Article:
Facebook chief admits ‘execution mistake’ over deepfake clip of US congresswoman

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(Chris Ratcliffe/PA)

Facebook boss Mark Zuckerberg has admitted the social network took too long to notice an edited video of US congresswoman Nancy Pelosi that made her speech appear slurred.

The manipulated video of Ms Pelosi, speaker of the House of Representatives, went viral on Facebook, calling into question the tech giant’s approach to deepfakes after it decided not to take it down.

The chief executive said the company’s response to the clip was an “execution mistake” as its systems failed to detect the content before it spread.

“In our policies, if something is wrong and fact checkers say it’s false, we don’t want it to go viral or get a lot of distribution,” Mr Zuckerberg said at the Aspen Ideas Festival.

Nancy Pelosi
Nancy Pelosi (J Scott Applewhite/AP)

“One of the issues in the example of the Pelosi video, which was an execution mistake on our side, was it took a while for our systems to flag that and for fact checkers to rate it as false.

“Once the fact checkers saw it … they were able to rate it within an hour, but it took more than a day for our systems to flag it, and during that time it got more distribution than our policies should have allowed, so that was an execution mistake.”

Facebook is evaluating its policies on deepfakes, but the 35-year-old warned they may not necessarily fall under traditional misinformation.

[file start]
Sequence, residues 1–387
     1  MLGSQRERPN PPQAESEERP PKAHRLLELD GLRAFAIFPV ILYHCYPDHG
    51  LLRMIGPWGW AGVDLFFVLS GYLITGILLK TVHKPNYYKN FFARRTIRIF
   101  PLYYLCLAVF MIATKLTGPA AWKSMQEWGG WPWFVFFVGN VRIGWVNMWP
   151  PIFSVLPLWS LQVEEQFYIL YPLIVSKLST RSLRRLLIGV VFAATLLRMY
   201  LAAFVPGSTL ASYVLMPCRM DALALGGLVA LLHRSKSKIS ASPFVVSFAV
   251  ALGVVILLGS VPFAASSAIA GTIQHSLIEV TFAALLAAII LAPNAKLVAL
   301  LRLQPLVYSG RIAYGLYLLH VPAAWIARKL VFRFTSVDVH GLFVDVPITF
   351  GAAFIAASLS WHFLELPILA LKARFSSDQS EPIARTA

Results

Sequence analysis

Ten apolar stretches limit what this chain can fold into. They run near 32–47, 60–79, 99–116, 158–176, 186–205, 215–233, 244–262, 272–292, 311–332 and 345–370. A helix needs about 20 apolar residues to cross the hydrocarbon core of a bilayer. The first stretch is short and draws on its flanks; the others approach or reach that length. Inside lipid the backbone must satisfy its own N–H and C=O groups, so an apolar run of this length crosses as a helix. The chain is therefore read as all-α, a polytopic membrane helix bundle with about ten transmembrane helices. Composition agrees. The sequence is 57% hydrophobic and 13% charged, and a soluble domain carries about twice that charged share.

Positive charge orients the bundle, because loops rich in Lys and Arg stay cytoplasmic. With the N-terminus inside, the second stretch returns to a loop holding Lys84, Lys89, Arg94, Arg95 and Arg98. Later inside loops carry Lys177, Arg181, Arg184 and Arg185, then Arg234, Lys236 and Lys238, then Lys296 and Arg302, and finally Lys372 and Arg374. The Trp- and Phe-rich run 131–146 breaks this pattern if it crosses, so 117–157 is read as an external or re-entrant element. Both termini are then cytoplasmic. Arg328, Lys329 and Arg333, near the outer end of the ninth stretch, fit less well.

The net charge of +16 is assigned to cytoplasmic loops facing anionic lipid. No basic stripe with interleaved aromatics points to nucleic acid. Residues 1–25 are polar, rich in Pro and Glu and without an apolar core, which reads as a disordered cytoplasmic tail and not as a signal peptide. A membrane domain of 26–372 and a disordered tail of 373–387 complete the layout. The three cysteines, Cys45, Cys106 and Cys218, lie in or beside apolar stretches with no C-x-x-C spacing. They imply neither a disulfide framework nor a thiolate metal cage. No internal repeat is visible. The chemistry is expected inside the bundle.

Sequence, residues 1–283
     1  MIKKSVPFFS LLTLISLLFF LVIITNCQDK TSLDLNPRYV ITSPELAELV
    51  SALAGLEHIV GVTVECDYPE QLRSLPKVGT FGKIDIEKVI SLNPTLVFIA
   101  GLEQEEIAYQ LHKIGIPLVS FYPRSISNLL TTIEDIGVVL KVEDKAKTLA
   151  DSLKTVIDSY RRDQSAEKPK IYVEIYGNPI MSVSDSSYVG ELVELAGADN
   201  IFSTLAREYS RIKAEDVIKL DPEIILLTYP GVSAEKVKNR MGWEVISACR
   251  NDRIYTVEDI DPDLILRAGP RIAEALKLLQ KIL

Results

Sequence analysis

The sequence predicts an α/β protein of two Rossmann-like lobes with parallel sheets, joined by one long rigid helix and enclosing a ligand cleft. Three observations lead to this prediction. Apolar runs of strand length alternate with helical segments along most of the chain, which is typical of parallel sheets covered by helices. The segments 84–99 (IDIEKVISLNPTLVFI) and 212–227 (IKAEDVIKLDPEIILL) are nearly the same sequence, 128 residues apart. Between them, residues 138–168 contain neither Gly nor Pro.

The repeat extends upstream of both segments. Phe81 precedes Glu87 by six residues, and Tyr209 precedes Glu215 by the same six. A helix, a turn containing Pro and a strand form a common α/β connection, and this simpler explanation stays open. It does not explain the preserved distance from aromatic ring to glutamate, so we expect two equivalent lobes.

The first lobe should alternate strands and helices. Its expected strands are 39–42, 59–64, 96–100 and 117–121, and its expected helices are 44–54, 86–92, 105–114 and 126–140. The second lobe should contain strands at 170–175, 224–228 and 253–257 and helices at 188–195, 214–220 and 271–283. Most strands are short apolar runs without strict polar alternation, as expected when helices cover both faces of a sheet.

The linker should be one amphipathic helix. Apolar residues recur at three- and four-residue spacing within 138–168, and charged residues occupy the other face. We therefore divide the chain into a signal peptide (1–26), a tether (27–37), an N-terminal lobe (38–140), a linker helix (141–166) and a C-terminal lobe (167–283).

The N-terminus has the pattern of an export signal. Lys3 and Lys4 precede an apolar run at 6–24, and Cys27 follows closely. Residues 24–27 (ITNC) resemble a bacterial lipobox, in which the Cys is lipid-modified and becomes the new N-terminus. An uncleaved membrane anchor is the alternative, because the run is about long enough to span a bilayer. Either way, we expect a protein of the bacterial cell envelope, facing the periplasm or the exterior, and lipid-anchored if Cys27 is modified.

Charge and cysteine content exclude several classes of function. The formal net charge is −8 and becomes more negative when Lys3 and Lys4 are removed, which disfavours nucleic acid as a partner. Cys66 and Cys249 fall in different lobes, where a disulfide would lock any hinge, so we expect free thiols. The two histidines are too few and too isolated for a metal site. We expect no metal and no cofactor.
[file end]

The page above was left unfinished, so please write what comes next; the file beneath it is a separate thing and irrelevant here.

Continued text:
“I do think that you want to approach this with caution by consulting with a lot of experts and not just acting hastily and unilaterally,” he continued.

Facebook
Facebook is evaluating its policies on deepfakes (Dominic Lipinski/PA)

The social network – which has around 30,000 people working on a content and safety review – had its stance on deepfakes put to the test earlier this month when a manipulated video of Mr Zuckerberg himself was posted on Instagram.

Deepfakes commonly use artificial intelligence software to combine and superimpose existing images and videos of a person to make it look they have said something they have not.

The Facebook chief also spoke at the conference about privacy and electoral interference, saying it is up to governments to legislate and put pressure on countries.

“As a private company, we don’t have the tools to make the Russian government stop,” Mr Zuckerberg said.

“We can defend as best as we can, but our government has the tools to apply pressure to Russia, not us.

“We’ve ramped up massively on the security side but there is very little we can do on our own to change the incentives for nation states to act, that is something that is a little above our pay grade.”

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